The tech billionaires who hid behind anonymity and nondisclosure agreements for six years while buying 62,000 acres in northern California to build some kind of utopian city have received a lesson in the importance of trust.
The lesson came on Monday evening as the Rio Vista City Council in Solano County considered an application for a conflict of interest waiver submitted by the law firm that represented the municipality for more than a decade.
Kronick, Moskovitz, Tiedemann, and Girard was seeking to also represent the land-grabbing billionaires’ concern, which recently changed its name from the staidly generic Flannery Associates to the laughably sunny California Forever.
In an accompanying letter, the law firm said California Forever asked it to “arrange and document the availability of an adequate long-term water supply for one or more potential future mixed-use community development projects to be proposed in Solano County.” The letter assured the city that the firm would protect “confidential California Forever information and confidential Rio Vista information” with an “ethical screen.”
That promise did not fly with a succession of local residents, who said during the public comment session of the meeting that California Forever—which is backed by Laurene Powell Jobs, Reid Hoffman, and Marc Andreessen, among others —had already demonstrated a lack of ethics.
“Flannery acts unethically. I believe the way they have conducted themselves shows and reminds us that the ends don’t justify the means,” said 22-year-old Aiden Mayhood, whose family has farmed in the area for seven generations.
Jeanne McCormack, whose family has farmed in the Montezuma Hills area adjoining the city since 1896, summed up with a single word what appears to be the prevailing view of this newcomer company so arrogant as to call itself California Forever.
“Tricky,” she told the city council.
McCormack and her husband, Al Medvitz, had previously consigned development rights for their land to the non-profit conservation organization Solano Land Trust, so they have been spared any pressure to sell. But she has a deep emotional connection not just to the land she and her husband work, but to her fellow farmers. They have long depended on each other, and she has been horrified to see one family in particular shattered by what seemed to be a deliberate effort by California Forever to turn those who want to sell against those who refuse.
“These are not people who deal in business the way we do,” she said. “No empathy. No respect.”
Medvitz also addressed the council, saying, "Now, I want to make it clear. Ethics is different than legality. Things can be legal but unethical.”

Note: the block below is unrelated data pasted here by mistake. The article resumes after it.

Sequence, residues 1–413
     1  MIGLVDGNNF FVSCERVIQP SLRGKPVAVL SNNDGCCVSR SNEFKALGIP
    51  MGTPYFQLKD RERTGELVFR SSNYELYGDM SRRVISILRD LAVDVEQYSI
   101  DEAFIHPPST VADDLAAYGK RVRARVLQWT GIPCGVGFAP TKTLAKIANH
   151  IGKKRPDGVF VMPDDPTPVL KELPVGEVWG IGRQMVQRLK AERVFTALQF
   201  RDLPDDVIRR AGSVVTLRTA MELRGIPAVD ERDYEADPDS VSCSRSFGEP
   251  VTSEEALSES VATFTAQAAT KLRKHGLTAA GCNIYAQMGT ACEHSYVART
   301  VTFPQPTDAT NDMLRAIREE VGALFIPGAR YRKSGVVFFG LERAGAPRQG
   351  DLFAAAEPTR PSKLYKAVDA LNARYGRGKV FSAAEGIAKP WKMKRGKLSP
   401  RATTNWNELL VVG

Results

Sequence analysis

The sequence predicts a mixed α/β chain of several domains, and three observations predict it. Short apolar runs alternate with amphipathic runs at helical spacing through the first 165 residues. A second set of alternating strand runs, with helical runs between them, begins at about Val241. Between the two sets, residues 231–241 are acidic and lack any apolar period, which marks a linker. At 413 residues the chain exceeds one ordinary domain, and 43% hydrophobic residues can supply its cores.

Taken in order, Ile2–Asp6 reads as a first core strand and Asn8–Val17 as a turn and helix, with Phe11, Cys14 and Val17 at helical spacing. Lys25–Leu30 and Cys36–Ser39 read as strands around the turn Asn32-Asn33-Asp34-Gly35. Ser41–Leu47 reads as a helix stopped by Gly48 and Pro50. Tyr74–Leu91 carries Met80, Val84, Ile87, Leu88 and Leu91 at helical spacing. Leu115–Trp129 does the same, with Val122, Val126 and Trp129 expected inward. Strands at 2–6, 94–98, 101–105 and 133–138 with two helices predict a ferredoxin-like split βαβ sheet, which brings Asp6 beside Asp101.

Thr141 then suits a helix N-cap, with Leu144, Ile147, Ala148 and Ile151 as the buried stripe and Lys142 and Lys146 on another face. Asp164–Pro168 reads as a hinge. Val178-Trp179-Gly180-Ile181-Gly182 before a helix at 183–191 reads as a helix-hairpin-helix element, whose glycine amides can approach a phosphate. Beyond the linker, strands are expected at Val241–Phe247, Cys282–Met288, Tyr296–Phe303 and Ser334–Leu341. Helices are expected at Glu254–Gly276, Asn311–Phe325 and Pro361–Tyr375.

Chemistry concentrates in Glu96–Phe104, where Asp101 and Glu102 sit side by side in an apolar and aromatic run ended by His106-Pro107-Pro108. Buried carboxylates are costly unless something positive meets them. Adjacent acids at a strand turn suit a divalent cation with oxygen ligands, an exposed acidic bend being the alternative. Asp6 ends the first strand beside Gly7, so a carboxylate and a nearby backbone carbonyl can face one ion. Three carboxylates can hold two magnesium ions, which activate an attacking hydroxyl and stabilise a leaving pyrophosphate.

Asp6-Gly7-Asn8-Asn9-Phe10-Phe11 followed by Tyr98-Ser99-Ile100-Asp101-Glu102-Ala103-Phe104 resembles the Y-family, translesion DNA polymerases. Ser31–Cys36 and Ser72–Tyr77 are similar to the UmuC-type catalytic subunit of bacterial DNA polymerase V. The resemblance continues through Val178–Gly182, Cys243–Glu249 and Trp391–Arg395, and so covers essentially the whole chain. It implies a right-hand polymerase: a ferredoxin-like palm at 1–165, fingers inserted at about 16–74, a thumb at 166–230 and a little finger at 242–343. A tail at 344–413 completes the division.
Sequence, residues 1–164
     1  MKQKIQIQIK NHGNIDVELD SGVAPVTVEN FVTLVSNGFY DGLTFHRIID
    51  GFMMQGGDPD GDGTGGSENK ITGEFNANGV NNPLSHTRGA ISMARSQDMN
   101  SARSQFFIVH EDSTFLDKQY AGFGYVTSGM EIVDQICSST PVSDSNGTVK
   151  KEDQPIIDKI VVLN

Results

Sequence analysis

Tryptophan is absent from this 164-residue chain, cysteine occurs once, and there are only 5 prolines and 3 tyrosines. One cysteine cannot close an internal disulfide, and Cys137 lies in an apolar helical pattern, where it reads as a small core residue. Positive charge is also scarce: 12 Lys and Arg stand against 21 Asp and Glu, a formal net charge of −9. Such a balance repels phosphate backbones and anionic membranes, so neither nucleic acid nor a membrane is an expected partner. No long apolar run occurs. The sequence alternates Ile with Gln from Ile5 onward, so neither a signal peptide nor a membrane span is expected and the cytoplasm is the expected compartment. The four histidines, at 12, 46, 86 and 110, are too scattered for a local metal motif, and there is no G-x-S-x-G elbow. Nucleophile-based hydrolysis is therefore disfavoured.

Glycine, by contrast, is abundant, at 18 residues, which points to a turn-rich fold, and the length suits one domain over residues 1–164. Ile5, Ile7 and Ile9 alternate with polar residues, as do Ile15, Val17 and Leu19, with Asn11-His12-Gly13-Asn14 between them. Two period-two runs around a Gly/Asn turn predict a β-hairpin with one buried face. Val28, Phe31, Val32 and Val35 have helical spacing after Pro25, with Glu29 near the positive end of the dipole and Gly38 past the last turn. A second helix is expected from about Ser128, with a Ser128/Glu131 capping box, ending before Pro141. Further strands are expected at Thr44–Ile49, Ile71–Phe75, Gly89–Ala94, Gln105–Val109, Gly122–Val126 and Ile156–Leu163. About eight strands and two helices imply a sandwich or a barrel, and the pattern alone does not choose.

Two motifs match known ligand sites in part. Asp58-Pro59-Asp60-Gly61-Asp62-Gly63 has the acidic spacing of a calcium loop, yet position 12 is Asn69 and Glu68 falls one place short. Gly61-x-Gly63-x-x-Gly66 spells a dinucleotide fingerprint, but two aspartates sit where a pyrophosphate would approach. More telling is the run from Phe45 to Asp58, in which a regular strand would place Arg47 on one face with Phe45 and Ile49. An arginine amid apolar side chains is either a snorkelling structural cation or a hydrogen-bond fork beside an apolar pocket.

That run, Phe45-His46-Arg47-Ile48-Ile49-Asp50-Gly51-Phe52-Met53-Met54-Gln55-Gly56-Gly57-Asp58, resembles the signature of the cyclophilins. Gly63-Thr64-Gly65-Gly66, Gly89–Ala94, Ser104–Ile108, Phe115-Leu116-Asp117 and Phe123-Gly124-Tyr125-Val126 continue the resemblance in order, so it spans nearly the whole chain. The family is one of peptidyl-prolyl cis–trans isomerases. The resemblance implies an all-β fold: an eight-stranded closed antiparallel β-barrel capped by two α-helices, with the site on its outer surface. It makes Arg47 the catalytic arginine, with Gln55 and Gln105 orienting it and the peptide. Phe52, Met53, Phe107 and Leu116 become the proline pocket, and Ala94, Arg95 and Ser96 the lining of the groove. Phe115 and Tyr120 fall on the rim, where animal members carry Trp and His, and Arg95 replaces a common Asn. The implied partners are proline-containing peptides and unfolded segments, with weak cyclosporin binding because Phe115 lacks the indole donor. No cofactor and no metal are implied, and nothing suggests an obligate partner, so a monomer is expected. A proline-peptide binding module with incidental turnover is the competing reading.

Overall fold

He told The Daily Beast before the meeting that California Forever has been mounting “a big PR assault” with media interviews and an online rendering of an idyllic “walkable” city. He noted that the company was at the same time continuing to use the New York-headquartered multinational law firm Skadden, Arps, Slate, Meagher & Flom to press ahead with a $550 million lawsuit against some of the county’s most respected farmers, charging that their reluctance to sell was an illegal conspiracy to squeeze more money out of the company. Medvitz knows the farmers and says the suit is an effort to bully them. McCormack spoke of one farmer who had hoped to pass his farm on to his grandson but now wonders if he will end up being forced to sell it.
One question posed by several speakers at Monday’s meeting was why California Forever was not just using the same big-shot law firm but is instead trying to retain the local one used by the city. Medvitz suggested an answer.
“Flannery is now trying to insinuate itself not just into local politics, but [also] in the administration of the city—city resources,” he told The Daily Beast.
One speaker at the meeting noted that the letter from the city’s law firm seeking the waiver offered a bit of new information regarding California Forever. It says that an enclosed map shows holdings of approximately 50,000 acres as of a few weeks ago, but the company has actually “acquired and is under contract to acquire approximately 62,000 acres in Solano County.”
That meant the company, which did not respond to a Daily Beast request for comment, has continued to gobble up even more land in a way that makes talk of an ethical curtain seem ludicrous. Every one of a dozen speakers who offered public comment on Monday spoke against the waiver. And the city council was in unanimous agreement, voting 5-0 to reject it.
The power of mega money had been defeated by simple decency, at least for now.